As plans to develop the University Parkway corridor move forward, community members made it clear to county planners: they don’t want any development.
The Vanderburgh County Commissioners, Evansville-Vanderburgh County Area Plan Commission (APC) and the Evansville Metropolitan Planning Commission (MPO) all partnered to create the University Parkway Corridor Management and Land Use Plan. Rundell Ernstberger Associates (REA), Lochmueller Group and Power’s Engineering Inc. will be assisting the APC and MPO with the plan.
The plan, which was started this past summer, will “focus on land use, transportation and access management, and aesthetics and enhancement,” according to the the plan’s website.
The Parkway stretches from Diamond Ave. in the north to the Lloyd Expressway in the south before connecting to University Boulevard at the entrance of campus. The corridor is positioned between Posey County to the west and Evansville to the east.
“I think that it would probably be beneficial in the long run but very annoying as it’s being worked on,” Freshman sociology major Tian Moore-Denk said.
“There’s actually not too too much traffic on the parkway as it is but its a nice thought to maybe help other drivers.”
The planning group hosted its first public meeting Monday night at the Griffin Center to engage the community and understand how the corridor should grow over the next 25 years.
REA Director of Planning Cynthia Bowen led the discussion at the meeting and said the group is looking at three frameworks for developing the plan: land use, transportation and utilities.
“The corridor plan is a policy document,” Bowen said. “It will be amended into the comprehensive plan as a specific area policy for this particular area.”
Local resident Jeff Hoffman said he hopes the plan does not interfere with the agricultural space that surrounds the Parkway.
“That green space is what we like,” he said. “That’s why pretty much all of us live out here is because we want that natural space.”
Hoffman said he also hopes they take into consideration people who may want to bike or walk on the corridor.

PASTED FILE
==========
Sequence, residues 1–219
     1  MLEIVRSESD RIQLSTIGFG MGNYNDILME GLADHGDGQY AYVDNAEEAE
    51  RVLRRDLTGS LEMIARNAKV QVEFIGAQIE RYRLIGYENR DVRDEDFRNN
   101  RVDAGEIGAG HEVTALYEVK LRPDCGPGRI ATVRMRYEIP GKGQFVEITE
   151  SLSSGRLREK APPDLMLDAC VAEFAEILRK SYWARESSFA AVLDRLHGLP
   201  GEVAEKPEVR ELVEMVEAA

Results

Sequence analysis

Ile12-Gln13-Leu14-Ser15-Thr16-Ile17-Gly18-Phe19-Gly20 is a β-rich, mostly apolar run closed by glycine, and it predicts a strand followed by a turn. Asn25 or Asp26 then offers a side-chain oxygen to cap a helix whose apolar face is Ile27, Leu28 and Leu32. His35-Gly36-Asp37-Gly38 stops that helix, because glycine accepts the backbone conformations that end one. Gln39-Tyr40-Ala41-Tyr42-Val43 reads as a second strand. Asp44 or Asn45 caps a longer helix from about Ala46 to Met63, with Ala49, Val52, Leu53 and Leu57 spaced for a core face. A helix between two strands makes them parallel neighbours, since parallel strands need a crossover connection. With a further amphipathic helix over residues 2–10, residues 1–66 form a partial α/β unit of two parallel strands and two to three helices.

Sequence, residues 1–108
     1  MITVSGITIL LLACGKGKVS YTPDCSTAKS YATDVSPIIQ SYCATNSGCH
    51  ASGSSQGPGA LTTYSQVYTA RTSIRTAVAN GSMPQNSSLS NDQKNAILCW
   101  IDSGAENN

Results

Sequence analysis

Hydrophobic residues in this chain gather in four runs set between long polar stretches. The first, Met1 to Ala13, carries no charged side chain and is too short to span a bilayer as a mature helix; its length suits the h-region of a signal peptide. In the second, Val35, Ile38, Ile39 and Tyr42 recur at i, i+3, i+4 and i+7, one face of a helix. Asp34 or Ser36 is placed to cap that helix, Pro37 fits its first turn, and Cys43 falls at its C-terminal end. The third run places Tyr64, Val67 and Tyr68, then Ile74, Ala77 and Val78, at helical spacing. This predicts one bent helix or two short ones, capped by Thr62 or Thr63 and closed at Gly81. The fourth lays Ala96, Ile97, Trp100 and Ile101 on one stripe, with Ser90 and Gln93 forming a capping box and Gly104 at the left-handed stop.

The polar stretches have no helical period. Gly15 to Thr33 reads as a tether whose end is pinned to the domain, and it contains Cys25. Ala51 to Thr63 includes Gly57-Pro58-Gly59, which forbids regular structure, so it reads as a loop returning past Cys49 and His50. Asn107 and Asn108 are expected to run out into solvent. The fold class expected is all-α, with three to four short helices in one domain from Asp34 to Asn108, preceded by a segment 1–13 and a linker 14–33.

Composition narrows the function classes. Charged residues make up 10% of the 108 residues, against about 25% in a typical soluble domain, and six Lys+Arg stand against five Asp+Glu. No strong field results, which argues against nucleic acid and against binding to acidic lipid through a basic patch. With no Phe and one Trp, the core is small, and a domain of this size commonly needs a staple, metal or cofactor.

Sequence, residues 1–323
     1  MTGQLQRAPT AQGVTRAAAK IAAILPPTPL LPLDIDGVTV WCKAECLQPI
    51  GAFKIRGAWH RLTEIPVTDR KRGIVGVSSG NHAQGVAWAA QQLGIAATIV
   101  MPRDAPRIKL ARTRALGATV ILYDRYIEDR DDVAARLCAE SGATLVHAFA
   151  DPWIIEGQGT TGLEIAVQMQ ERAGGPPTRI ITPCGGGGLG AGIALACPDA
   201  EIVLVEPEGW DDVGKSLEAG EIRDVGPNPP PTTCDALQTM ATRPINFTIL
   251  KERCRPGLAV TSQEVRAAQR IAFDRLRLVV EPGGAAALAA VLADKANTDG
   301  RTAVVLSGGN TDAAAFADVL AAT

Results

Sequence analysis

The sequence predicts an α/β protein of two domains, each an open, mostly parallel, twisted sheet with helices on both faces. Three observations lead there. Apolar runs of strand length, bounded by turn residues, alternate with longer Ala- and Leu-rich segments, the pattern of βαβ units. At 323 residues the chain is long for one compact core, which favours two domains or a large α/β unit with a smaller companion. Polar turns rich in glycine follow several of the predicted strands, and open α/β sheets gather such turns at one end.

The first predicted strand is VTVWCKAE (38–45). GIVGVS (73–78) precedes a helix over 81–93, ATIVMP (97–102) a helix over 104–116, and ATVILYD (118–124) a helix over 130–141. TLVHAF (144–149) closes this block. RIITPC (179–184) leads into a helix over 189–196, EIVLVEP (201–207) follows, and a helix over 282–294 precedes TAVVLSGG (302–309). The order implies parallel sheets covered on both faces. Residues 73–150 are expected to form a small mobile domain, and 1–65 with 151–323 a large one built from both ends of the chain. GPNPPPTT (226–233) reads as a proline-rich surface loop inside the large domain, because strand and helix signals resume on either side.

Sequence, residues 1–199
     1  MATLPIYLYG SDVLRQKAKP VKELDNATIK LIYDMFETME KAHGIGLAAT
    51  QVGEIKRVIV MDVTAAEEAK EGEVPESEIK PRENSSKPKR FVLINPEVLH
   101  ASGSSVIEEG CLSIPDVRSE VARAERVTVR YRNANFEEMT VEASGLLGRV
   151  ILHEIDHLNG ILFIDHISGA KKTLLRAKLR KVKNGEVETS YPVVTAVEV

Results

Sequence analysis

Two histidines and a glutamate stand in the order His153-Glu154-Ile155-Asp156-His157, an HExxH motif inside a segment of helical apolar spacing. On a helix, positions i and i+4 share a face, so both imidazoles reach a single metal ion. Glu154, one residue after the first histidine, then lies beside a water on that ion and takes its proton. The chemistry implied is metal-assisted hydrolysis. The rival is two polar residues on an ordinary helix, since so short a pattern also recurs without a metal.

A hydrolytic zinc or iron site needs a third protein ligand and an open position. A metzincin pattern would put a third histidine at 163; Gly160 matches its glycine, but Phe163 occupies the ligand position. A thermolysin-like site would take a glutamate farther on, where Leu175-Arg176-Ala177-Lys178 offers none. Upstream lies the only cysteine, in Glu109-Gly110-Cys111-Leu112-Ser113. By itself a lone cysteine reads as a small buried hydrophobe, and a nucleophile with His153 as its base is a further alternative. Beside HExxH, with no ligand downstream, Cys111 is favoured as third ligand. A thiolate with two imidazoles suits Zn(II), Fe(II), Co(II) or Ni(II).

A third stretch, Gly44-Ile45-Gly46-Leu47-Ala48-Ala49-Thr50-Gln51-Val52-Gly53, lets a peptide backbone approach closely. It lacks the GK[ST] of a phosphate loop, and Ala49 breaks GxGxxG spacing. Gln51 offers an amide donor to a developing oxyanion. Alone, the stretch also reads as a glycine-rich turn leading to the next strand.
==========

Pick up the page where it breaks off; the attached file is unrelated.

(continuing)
“We have a lot of narrow roads and a lot of people like to be out walking and riding and so on, and there is really no consideration for that as far as road construction goes,” he said.
Overall, those who attended were not pleased with any plans to develop the corridor. The room thundered in applause as one attendee shouted, “We don’t want development” and many others offered the same sentiment.
Bowen said in order to implement the plan, an overlay district must be created. An overlay district is a type of zoning that is drawn on top of base districts that can either add or remove standards from the base district in order to achieve a different pattern of growth.
She said the purpose of creating an overlay district is to develop the corridor without impacting the base districts.
“It really depends on what we hear from the public, and what types of uses there are is going to depend on what type of standards there are going into this overlay district,” Bowen said.
According to information collected by the planning group, around 7,000 vehicles drive on the corridor every day. There are an average of 30 crashes every year on the corridor.
Junior dental hygiene major Holland Davis said she likes the Parkway as it is right now, but was not surprised to hear about a plan to improve development.
“I figured it’s bound to happen sooner or later, especially being so close to a college campus and with the growth going on the east side and in Newburgh,” she said.
Bowen said she expects the plan to be completed by the summer of next year. She said the next public meeting on the corridor will be sometime after the first of the year.